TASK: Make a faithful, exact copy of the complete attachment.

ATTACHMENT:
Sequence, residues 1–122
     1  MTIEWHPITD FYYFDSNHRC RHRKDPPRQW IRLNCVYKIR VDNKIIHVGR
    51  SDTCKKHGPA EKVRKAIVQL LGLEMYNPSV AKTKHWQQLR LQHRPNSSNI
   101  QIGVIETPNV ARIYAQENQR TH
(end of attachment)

Sequence, residues 1–122
     1  MTIEWHPITD FYYFDSNHRC RHRKDPPRQW IRLNCVYKIR VDNKIIHVGR
    51  SDTCKKHGPA EKVRKAIVQL LGLEMYNPSV AKTKHWQQLR LQHRPNSSNI
   101  QIGVIETPNV ARIYAQENQR TH